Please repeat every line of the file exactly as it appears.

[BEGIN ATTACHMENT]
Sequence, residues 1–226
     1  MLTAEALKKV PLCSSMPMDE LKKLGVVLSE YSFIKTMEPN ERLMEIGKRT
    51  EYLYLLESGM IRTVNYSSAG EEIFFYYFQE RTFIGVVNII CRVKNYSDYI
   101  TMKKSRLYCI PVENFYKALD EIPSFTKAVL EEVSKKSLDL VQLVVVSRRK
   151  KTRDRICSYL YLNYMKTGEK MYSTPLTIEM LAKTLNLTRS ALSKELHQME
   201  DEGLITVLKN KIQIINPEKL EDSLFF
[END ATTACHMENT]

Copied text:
Sequence, residues 1–226
     1  MLTAEALKKV PLCSSMPMDE LKKLGVVLSE YSFIKTMEPN ERLMEIGKRT
    51  EYLYLLESGM IRTVNYSSAG EEIFFYYFQE RTFIGVVNII CRVKNYSDYI
   101  TMKKSRLYCI PVENFYKALD EIPSFTKAVL EEVSKKSLDL VQLVVVSRRK
   151  KTRDRICSYL YLNYMKTGEK MYSTPLTIEM LAKTLNLTRS ALSKELHQME
   201  DEGLITVLKN KIQIINPEKL EDSLFF